Bush touts his approach to help homeowners

March 28, 2008 6:26:32 PM PDT
President Bush visited New Jersey on Friday to tout his approach to assist struggling homeowners, who he said sometimes need "just a little help." Meanwhile, Democrats urged the president to endorse their housing assistance proposal, which would let bankruptcy judges lower payments for homeowners staring at foreclosure.

Sen. Charles E. Schumer, D-N.Y., said Bush should lean on congressional Republicans to allow votes on the Democratic measure.

"The administration refuses to step up to the plate and do what's needed," Schumer, chairman of the congressional Joint Economic Committee, told reporters in a conference call. "The administration joined by (congressional Republicans) in their Herbert Hoover-like attitude of do nothing, twiddle your thumbs while the economy gets worse, especially in the housing area, is not going to sit well with the American public."

His comments came as Bush paid a quick visit to a nonprofit debt counseling center in Freehold Township, N.J., to refute exactly that sort of criticism and argue that his administration has acted effectively.

The administration's moves over the past about six months include expanding the Federal Housing Administration's ability to offer refinancing to homeowners with good credit, allowing Fannie Mae and Freddie Mac to buy up more home loans, and brokering help for struggling homeowners through a private-sector mortgage industry group, Hope Now. That group has agreed to offer a five-year rate freeze for people who have not missed payments or a 30-day foreclosure pause for those who fall behind.

Bush urged people in trouble to call the group's telephone hotline, 1-888-995-HOPE, which connects homeowners with centers like Novadebt, the one Bush visited.

"There are some homeowners who have made responsible buying decisions and who could keep their homes with just a little help," he said.

Hope Now officials said they have worked with lenders to help process nearly 1,500 repayment plans in New Jersey.

The president met with two homeowners who benefited from the program. One of them, Danny Cerchiaro of Iselin, said his mortgage payment was scheduled to jump from $2,000 a month to $3,000. But with help from Novadebt he was able to reduce his monthly payment to $1,800.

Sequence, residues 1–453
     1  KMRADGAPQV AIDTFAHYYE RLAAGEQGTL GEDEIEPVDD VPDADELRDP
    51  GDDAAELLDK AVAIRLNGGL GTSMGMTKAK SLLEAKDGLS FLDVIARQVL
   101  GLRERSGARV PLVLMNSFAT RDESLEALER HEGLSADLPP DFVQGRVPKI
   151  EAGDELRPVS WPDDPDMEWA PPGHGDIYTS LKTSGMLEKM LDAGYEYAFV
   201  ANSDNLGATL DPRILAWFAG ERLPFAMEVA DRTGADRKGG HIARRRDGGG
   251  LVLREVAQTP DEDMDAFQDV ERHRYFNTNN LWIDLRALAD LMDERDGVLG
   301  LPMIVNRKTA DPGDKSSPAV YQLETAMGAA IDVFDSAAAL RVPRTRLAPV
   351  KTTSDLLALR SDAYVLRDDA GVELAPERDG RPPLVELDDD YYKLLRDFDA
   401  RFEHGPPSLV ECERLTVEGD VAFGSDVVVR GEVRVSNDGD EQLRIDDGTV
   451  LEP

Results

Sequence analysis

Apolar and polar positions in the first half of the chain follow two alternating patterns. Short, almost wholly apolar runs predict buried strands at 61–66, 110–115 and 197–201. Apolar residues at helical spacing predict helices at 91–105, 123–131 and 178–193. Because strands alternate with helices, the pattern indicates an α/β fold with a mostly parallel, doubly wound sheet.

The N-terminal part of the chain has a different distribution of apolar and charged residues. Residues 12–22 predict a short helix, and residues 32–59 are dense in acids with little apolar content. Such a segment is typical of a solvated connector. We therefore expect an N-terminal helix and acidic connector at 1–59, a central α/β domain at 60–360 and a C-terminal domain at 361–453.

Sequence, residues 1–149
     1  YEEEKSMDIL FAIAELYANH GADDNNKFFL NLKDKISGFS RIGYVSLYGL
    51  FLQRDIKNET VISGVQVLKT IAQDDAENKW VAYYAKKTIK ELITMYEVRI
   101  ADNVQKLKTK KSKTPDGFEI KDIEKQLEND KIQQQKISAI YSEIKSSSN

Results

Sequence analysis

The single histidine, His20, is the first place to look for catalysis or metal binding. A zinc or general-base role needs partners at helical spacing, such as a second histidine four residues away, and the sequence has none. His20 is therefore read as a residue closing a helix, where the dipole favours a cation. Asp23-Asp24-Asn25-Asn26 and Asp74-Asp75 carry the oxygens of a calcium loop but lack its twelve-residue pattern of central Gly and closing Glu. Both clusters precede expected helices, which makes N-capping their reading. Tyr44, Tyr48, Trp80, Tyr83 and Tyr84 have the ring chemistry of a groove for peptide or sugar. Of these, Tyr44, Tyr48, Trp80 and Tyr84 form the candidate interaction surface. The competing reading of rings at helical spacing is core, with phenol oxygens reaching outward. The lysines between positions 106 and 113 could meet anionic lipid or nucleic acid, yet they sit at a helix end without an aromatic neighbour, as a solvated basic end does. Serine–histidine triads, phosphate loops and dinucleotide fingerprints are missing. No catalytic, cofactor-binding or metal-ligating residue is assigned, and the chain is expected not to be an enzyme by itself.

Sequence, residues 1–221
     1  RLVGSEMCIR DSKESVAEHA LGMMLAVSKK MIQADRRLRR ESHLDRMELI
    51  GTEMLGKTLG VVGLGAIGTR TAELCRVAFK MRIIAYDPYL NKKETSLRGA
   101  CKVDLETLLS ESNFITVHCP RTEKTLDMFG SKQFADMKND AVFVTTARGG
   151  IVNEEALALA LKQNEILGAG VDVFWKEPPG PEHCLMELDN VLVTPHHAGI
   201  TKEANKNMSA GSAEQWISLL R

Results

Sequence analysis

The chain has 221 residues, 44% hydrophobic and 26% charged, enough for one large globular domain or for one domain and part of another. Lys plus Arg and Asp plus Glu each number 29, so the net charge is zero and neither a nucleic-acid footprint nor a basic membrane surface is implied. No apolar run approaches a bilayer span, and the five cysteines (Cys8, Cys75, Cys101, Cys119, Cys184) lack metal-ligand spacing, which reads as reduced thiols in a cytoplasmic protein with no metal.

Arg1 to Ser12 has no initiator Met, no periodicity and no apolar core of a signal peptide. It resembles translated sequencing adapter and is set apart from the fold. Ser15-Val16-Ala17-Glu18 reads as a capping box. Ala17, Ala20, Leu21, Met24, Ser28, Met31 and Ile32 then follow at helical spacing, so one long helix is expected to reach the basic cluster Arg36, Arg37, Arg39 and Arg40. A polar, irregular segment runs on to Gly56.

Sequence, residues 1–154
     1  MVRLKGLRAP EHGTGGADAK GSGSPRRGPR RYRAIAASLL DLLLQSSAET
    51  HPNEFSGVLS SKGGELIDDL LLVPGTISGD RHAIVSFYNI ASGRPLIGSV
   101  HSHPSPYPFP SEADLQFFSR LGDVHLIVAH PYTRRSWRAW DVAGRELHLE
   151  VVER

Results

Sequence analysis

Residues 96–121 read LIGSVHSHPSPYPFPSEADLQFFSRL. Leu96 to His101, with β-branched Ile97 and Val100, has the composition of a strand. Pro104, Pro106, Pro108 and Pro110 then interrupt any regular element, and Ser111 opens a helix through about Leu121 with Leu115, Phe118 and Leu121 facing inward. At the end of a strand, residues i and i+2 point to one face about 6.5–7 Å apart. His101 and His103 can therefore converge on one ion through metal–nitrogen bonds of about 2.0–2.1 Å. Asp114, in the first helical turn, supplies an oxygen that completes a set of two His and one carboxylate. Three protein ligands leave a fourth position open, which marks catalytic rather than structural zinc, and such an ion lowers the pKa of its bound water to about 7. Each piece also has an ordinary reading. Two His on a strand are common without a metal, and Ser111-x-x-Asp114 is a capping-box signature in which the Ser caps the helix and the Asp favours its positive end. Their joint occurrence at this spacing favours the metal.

"I had a perfect credit record, and I wanted to keep it that way," Cerchiaro said.

The president flew to Freehold Township aboard Marine One from McGuire Air Force Base for the afternoon event and returned to Washington afterward.

The president has come out strongly against the Democrats' housing package, warning that an overzealous governmental response to the nation's housing woes could hurt the economy's ability to recover long-term. Bush did not again explicitly reject the Democratic ideas on Friday, but implied that Washington should act only carefully.

"We have a role to play at the government level, and that is to help lenders and borrowers work together to avoid foreclosure," he said. "The housing market problems are complicated and there's no easy solutions. But ... we will help responsible homeowners weather a difficult period."

Bush wants Congress to approve a broad mortgage reform package that would lower the down-payment requirements for FHA-insured loans and expand the FHA's use of risk-based premium pricing.

Democrats are planning a test vote Tuesday on their measure, which would also let localities with the highest foreclosure rates access federal grants to buy foreclosed properties and provide $200 million in counseling to distressed borrowers.

The proposal fell well short of the 60 votes it would have needed to advance when the Senate took it up last month, with all but one Republican opposing it.

--- Associated Press writer Jennifer Loven contributed to this report from Freehold, N.J.